Predictive validity measures whether a score on some test is related to the criterion measure taken in the future. For example: a graduate student’s GRE score predicts that student will do well in the future, and later performance measured to see if he/she actually did well.
PSYCHOMETRICS: Explain what is meant by incremental validity.
Incremental validity means that adding additional predictors can explain more about the criterion measure and fill in gaps that the current predictors are missing. Basically, the more predictors that you have, the more you can theoretically increase your validity. For example, if I am measuring potential success in graduate school with just the GRE, my predictions might be “okay”. However, if I use GRE, GPA, personal statement, and letters of recommendation, I may be increasing validity.
PSYCHOMETRICS: Explain what the adjusted true score estimate is and how and why it will differ from the observed score? What three factors affect the discrepancy between the observed score and the adjusted true score estimate? Explain why/how those factors affect that discrepancy.
The adjusted true score estimate essentially describes the revision of your estimated true score.
So you have X1, which is your observed test score. Then you have information on the mean and the reliability of the test. Using these three pieces of information, you can find your adjusted estimate of your true score. The estimated true score= mean+reliability(X1-mean). For example, say I received a 20 on the test. The mean is 16 and the reliability is 0.8. Therefore, my adjusted true score estimate is 16+.8(20-16), which comes out to be 19.2.
The three factors that affect the discrepancy between the observed score and the adjusted true score estimate are the test reliability, the size of the difference between the observed score and the mean, and the direction of the difference between the observed score and the mean.
As test reliability decreases, the discrepancy between the observed score and the estimate will increase. As the size of the difference between the observed sore and the mean increases, or the extremeness of the score, the discrepancy between observed score and estimates will also increase. Finally, the direction of the difference between the observed score and the mean also effects the discrepancy because the scores tend to regress toward the mean. Therefore, if an observed score is above the mean, the estimate will likely be lower than the observed. If the observed score is below the mean, the estimate will likely be higher than the observed score.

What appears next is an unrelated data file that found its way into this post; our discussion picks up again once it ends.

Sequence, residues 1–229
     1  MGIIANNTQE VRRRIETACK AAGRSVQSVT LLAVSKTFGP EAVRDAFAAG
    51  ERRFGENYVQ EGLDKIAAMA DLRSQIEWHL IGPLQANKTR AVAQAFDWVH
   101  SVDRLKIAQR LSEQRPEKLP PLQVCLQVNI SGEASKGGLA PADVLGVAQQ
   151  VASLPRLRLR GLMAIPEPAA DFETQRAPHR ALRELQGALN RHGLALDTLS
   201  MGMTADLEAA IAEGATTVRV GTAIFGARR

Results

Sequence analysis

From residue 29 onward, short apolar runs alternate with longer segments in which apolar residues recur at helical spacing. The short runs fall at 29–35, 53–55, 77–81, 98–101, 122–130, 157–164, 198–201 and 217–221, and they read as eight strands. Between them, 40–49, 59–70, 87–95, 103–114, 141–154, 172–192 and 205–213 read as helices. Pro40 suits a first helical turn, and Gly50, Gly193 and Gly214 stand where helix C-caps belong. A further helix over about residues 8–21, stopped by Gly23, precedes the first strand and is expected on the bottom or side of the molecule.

Item 1 has an item difficulty level of 0.43, which indicates that 43% of respondents got the item correct. This difficulty level is good, because the ideal level of difficulty is around a 0.5. This item indicates a “moderate” difficulty level.
However, the item discrimination level of -.05 is not only low, but is also negative which is a bad thing. More “low” performers on the exam, or people who scored low on the overall test, got this item correct (14 people) than the “high” performers, or people who scored well on the overall test, did (9 people). Clearly, there is something wrong with this item and it should be removed. It could be that there is something confusing or misleading about the item.
Item 2 has an item difficulty level of 0.61, which indicates that 61% of respondents got the item correct. This is can be considered an “somewhat easy” difficulty level. More people are getting the item correct than wrong, which can be acceptable depending on the purpose of the test. For a Psych 101 test, this is fine.
The item discrimination of 0.17 is okay. Very few (2 out of 27) high performers got this item wrong, whereas most of the low performers (19 out of 27) got this item wrong. This shows that the item does indeed help to discriminate between high and low performers on the exam and therefore should remain on the exam. However, two of the alternatives (B and D) were not selected by anyone out of the 54 respondents. This item should still be examined to see if these two alternatives can be edited so that they seem more likely to be correct and are not as useless in this item.